From my library

When we moved to Keene, Chris and I shared a single bookshelf, with some of my books spilling over into a living room curio cabinet and others being stashed in my office at school. Slowly, though, the collecting bug crept in again: one innocent purchase there, another here. Although I’ve acquired with practice the discipline of checking the library for a book before I buy it, there’s always the allure of ownership: if it’s mine, I can keep it, and write in it, and always refer to it. If I own it, I can have it at hand at any hour when I need it or want to refer to it or need to cite it: a scholar’s occupational hazard.

From my library

Even more difficult than downsizing a library, though, is the seemingly simple act of splitting one: there’s something heartbreaking about sorting previously shared books into stacks labeled “his” and “hers,” each destined to their own separate place. When Chris and I married, we’d both recently graduated with Bachelor’s degrees in English; having taken many of the same classes, we owned many of the same books. Back then we decided whose book to keep based upon the notes therein: my copy of the Walt Whitman Handbook stayed as did his copy of the Riverside Shakespeare. Now nearly 13 years later, we’ve gone through the same process in reverse: having continued to study American Literature first as an avocation and now as a career, I got custody of our jointly-purchased first edition Leaves of Grass facsimile whereas Chris claimed the copy of the Blue Cliff Record he’d bought for me some years back. Many of the books we split are filled with notes from happier, more innocent days, but these notes don’t necessarily correspond with who got what: my copy of the Gospel Parallels contains Chris’s neo-pagan scrawl whereas his copy of the Diamond Sutra has margins crammed with my scribblings.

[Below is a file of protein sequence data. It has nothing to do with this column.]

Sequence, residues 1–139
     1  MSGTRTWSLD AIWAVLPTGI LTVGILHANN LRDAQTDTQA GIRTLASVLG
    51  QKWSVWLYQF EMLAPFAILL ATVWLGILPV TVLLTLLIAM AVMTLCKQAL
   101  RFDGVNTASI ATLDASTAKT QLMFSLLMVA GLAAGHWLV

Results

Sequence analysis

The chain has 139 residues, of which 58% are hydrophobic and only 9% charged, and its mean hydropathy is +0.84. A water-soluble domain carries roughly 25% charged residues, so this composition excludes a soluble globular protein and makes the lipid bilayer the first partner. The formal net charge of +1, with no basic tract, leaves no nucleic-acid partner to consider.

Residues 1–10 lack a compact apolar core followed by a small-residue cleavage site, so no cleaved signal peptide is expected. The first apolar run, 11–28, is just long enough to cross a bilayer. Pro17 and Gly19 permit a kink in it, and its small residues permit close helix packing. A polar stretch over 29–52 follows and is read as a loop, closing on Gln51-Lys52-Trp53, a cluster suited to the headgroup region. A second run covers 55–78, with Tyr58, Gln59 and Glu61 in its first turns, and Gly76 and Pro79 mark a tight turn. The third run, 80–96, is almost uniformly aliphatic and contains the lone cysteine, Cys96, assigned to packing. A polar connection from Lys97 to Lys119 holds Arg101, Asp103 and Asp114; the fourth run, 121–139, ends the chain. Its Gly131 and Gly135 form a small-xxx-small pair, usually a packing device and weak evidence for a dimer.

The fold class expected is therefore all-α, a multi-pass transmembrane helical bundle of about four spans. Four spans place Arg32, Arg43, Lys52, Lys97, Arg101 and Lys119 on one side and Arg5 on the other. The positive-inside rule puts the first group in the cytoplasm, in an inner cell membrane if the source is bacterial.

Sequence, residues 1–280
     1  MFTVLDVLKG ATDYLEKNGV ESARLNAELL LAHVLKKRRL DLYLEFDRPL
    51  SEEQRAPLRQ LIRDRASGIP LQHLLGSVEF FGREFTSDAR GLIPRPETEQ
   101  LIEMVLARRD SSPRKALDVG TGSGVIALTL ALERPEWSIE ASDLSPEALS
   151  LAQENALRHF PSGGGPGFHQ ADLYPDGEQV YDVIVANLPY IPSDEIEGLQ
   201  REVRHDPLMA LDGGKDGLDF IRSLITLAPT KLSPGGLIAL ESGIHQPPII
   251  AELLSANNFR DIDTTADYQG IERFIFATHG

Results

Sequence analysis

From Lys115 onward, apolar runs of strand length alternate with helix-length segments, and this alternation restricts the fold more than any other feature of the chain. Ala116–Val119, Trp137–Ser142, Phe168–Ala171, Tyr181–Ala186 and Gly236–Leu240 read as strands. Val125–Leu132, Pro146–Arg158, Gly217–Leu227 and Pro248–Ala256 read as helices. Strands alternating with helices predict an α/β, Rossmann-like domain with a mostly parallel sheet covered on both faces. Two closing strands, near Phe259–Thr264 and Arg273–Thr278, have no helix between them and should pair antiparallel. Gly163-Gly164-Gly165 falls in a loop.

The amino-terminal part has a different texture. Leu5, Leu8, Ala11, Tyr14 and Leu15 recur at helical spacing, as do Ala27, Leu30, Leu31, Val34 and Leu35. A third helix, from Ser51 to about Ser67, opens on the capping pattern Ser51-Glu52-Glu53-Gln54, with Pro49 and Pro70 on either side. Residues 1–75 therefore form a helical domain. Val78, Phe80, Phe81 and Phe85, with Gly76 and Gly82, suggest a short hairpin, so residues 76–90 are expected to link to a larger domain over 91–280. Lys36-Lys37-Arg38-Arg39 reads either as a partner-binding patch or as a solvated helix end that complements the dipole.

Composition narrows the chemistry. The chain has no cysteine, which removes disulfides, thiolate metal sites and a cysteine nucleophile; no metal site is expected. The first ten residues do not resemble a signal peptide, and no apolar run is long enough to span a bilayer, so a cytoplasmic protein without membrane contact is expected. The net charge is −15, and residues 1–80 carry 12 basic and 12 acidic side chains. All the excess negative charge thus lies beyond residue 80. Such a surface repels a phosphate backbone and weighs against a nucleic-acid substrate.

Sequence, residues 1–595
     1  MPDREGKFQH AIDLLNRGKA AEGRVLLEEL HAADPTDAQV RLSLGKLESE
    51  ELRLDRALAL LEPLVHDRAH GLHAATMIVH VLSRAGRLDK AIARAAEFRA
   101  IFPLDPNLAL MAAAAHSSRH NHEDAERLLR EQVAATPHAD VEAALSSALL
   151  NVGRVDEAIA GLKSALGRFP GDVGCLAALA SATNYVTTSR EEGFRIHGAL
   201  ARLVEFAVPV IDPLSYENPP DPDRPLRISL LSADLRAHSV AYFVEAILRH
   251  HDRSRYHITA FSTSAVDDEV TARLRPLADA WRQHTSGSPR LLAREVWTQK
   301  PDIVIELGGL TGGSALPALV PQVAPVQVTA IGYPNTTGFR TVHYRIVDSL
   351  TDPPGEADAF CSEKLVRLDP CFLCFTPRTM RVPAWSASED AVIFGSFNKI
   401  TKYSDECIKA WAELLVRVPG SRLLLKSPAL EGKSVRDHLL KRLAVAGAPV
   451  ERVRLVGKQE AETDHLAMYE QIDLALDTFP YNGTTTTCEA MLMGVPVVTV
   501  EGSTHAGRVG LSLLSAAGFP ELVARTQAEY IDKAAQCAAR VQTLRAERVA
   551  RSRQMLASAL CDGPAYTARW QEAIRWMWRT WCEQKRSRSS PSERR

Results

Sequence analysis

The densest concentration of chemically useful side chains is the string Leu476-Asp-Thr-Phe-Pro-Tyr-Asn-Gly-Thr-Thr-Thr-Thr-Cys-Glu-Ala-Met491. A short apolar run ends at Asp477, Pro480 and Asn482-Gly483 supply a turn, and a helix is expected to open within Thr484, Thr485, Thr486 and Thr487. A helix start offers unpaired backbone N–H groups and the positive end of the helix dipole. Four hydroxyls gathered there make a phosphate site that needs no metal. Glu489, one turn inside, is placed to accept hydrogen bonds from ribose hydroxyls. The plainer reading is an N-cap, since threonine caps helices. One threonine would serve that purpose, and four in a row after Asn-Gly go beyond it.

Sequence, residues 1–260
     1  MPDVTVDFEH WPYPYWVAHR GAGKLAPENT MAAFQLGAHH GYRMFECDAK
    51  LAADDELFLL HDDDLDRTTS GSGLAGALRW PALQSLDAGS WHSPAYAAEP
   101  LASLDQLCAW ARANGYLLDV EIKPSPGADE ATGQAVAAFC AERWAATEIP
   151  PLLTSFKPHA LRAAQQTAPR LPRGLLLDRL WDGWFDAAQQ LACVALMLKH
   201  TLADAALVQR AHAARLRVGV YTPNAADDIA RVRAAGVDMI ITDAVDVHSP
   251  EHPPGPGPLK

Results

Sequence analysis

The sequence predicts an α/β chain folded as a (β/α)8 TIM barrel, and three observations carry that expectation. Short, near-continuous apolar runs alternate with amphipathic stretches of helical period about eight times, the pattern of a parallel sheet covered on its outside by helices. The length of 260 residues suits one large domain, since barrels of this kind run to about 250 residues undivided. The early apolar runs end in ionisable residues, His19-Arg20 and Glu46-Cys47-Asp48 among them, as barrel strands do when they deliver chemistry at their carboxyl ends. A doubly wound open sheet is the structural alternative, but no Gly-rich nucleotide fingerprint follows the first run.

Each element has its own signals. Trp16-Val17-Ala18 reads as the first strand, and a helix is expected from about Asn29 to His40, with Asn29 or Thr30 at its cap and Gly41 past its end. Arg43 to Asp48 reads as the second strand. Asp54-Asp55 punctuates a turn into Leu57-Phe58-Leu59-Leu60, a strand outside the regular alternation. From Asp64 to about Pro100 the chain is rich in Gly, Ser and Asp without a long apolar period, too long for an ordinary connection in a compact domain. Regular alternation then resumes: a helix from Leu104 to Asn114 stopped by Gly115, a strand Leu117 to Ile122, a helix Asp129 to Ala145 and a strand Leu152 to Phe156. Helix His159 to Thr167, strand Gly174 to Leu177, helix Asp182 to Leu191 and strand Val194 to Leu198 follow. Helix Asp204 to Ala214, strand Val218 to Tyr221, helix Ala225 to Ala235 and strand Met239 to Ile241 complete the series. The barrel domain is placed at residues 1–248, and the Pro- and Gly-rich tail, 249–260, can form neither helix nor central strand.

From my library